contentedsouls

Join us on our travels around Europe aboard our Dutch Tjalk Francoise

  • Jill Budd

    After 6 years aboard our Narrowboat Matilda Rose in the UK, we took the plunge and shipped her across to Europe. After 2 years in Europe we knew we didn't want to return to the UK so took the plunge and purchased a 1902 20 mtr Dutch Tjalk called Francoise and are now continuing our travels of the waterways of Europe in a buxom wench

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A summons to the Gendarmerie

Posted by contentedsouls on 21/01/2015

Tronville-en-Barrois to Longeville-en Barrois

Due to our boat lay-out, if we are on shore power we virtually never go out onto the stern deck when moored, so it was purely by chance that G went out and found a note from the Municipal Gendarmerie insisting that we contact them – no idea how long it had been there. It’s much more difficult to communicate over the phone so, fortified by a beer, we presented ourselves at the Marie’s office (largely as no-one seemed to know where the police station was) and were met there by  one of the local constabulary. The problem seemed to be that we had not appeared and declared ourselves as sleeping on our boat, a requirement which we were not aware of, and that there is a tax of 20 cents (about 17pence) per night for stopping and that we should have reported on arrival. As you may appreciate, it took some time and concentration to grasp this, so when we said we were leaving the day after he lost the will to live and wished us bon voyage – all adds to life’s rich tapestry.

Before leaving we were also invited to join the family at the White Horse for what appears to be a mid-January custom: a gallette (puff pastry and gooey apple layers) is divided up and one portion contains a charm (a bit like our silver threepenny bit in the Xmas pud). Whoever gets the charm is king or queen for the day and gets to wear the crown – it was me! Perfect for the drama queen that I am. Then Monday we left with our guests (previous blog) and spent two nights in Tronville, funny little place – elderly Massey Fergusons in the middle of the houses; here’s one for the boys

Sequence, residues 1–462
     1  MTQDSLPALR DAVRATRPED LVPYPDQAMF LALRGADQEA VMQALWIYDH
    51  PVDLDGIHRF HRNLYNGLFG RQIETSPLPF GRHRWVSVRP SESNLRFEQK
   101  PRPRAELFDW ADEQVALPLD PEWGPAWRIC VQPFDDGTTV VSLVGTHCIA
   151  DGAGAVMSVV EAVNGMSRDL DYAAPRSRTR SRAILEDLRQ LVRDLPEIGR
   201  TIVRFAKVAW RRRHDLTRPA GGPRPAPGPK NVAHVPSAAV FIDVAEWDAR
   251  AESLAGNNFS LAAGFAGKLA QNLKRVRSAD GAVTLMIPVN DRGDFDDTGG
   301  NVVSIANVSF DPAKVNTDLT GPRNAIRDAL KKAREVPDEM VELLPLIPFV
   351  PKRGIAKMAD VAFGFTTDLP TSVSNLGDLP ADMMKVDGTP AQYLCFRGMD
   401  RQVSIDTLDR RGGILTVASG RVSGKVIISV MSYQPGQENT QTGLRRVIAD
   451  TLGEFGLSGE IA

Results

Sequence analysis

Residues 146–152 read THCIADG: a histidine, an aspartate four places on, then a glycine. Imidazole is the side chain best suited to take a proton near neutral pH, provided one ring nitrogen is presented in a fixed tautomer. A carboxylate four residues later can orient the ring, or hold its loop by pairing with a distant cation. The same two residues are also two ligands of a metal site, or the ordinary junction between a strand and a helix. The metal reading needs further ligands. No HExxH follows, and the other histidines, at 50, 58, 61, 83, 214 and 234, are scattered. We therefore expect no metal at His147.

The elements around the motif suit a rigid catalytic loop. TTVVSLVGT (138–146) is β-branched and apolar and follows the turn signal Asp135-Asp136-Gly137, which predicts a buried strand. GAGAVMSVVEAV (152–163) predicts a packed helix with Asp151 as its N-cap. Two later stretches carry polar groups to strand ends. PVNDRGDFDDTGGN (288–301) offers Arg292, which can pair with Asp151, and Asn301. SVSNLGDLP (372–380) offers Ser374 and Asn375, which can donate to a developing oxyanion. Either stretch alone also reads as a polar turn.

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Now I’ve been in some strange little bars before and this one is up there with them………

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This morning we’d booked passage through 6 locks and six kilometres but woke up to significant ice. This gave us a dilemma as, due to the ice forecast, wherever we stopped tonight was where we would be likely to spend the week – should we/shouldn’t we go. We decided to give it a couple of hours to see if the sun would burn off the icy fog and then decide, so we declared serious breakfast and fetched un pain and croissants which we devoured with eggs cheese and marmalade (I like the mix and match). Digesting this little lot over coffee we heard the sound of breaking ice – first boat movement in over two weeks. Action stations and we were hot on his tail after 25 minutes.

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We made good time as Muttley and I walked on and lifted the bars as MR came into each lock but at the 4th lock our ice breaking friend was in the lock with the gates still open and the lights out (denotes non-operational). Oh no, breakdown of lock, boat or both

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I shouted to see if anyone was about and had no response, so called the control centre on the lock intercom thingy. My comprehension is a nightmare when not face to face and worse still over these crackly intercom things. I established, during the long conversation that ensued, the following:

There was a stationery boat in the lock (we told each other that)

The chef of said boat had gone to eat

No, the lock wasn’t closed

The answer to my question as to when he was likely to finish eating/start moving was completely incomprehensible; despite my memorising the words and rushing back to look them up, it still made no sense so we reversed up and paid due homage to the French lunch and put the pins in

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When we were under way again he re-set all the locks for us before we reached the ‘lock set control point’ so we forgave him.

We encountered some interesting characters at a lock – look away now if you are easily offended.

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We’ll stay here tomorrow by choice but it may be longer due to ice – hey ho, the car is only a lock away

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2 Responses to “A summons to the Gendarmerie”

  1. Kevin TOO said

    Bloody Tax dodgers, shame on you… LOL

    So are the lock-side figures a ‘tribute’ by the éclusiers to the plaisanciers anglais fous? 😉

    Hope you are all well and keeping warm… xx

    Liked by 1 person

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